If you’re like me - can’t tell the difference between a zettabyte and an overbite- this Big Data stuff may be more than you will want to bite off. That said, brace yourself - Big Data’s the new IT buzz phrase coming to the Beltway. And yes, expect to be beaten bloody about the ears with it this coming year.
Expect the loudest noises from the business intelligence - Oracle, IBM, SAS, SAP - and storage vendors - EMC, NetApp, HP, IBM, and Hitachi. But, on the upside, Big Data may give us some relief from the Cloud chorus.
[Elections 2012: N.H. -- a state at war with its hopsitals.]
So, what’s Big Data and why should we care? Here it goes, it’s about new insight from a lot of data - think oceans, not tea cups. That data’s often in different formats - text, voice, video, social media, etc. Think fast, huge, complex information super collision and real-time analytics - looking for new patterns. So what’s the value? Well, consider medical research, fraud detection, terrorist tracking, cyber security, C4ISR. It’s about identifying cause and effect, using historical data to predict the future, making better decisions quicker, and enhancing efficiency. Sound like something Uncle Sam could use?
So what’s driving Big Data and why now? Well, first, the quantity of available data to collide is growing exponentially. There are sensors everywhere around us - from software logs to mobile phones to CCTV to Facebook to drones. Each day some 2.5 quintillion bytes of data are created - that’s a lot of dentures. It blows my mind to think that 90 percent of global information was created since 2010. Giant strides in processing, storage, networking, and analytics - advances that dwarf Moore's Law- are unlocking these new predictive models.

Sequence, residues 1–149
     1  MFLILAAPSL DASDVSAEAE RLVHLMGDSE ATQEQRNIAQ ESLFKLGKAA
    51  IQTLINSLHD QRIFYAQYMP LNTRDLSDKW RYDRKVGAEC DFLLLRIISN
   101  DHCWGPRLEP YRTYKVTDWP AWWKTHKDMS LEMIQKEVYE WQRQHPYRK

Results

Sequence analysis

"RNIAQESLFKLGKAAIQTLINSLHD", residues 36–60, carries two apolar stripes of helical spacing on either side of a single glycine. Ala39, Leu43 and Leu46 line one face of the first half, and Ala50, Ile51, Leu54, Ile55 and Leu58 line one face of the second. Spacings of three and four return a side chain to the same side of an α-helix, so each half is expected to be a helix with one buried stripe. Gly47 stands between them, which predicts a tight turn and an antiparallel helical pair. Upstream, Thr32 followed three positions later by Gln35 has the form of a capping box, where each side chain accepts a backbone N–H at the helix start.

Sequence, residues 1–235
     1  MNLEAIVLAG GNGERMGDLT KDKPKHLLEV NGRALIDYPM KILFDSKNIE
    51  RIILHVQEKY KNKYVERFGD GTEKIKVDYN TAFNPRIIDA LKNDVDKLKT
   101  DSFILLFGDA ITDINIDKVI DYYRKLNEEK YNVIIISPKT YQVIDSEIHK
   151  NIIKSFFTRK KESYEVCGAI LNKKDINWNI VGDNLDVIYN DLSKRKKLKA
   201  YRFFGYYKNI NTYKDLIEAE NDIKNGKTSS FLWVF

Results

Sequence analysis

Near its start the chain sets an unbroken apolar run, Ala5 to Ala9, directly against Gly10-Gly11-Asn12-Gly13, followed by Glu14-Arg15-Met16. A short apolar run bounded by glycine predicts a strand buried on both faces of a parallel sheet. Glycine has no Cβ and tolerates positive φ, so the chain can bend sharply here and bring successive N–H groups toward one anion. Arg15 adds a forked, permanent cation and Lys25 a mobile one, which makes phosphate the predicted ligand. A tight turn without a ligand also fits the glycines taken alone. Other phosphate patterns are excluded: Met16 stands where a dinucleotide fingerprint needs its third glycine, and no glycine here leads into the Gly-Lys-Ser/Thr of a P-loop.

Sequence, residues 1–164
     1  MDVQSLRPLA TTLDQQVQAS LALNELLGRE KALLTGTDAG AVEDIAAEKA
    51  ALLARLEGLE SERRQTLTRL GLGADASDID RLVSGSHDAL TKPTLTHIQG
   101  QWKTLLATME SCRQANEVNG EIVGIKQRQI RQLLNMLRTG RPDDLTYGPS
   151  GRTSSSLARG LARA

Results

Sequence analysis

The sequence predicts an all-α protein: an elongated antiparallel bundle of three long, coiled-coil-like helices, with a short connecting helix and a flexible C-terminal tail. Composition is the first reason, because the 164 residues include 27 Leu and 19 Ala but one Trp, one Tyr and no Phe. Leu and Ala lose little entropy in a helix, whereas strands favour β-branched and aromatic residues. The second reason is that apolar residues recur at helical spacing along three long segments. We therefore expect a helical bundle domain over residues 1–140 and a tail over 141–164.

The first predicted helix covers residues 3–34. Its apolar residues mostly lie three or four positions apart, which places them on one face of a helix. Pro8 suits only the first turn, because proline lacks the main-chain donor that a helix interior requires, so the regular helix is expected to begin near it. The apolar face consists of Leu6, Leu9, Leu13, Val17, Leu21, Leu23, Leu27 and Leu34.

So, here’s your chance to get ahead of the crowd. Get brainy on Big Data. Two problems in government. First, there’s no OMB mandate for agencies to do this “Giant Information” - no GI bill if you will. And you might ask, aren’t agencies already busy chasing their tails on Cloud, Data Center Consolidation, and Cyber? With their plates so full, how will agencies find money for this new IT fad? Second, because this is new, there’s little information on who’s doing Big Data in government - hence Small Data on Big Data.
If you know any government Big Data Big Brains, we’d like an introduction.
Steve O'Keefe is the founder of MeriTalk, where this article orignially appeared.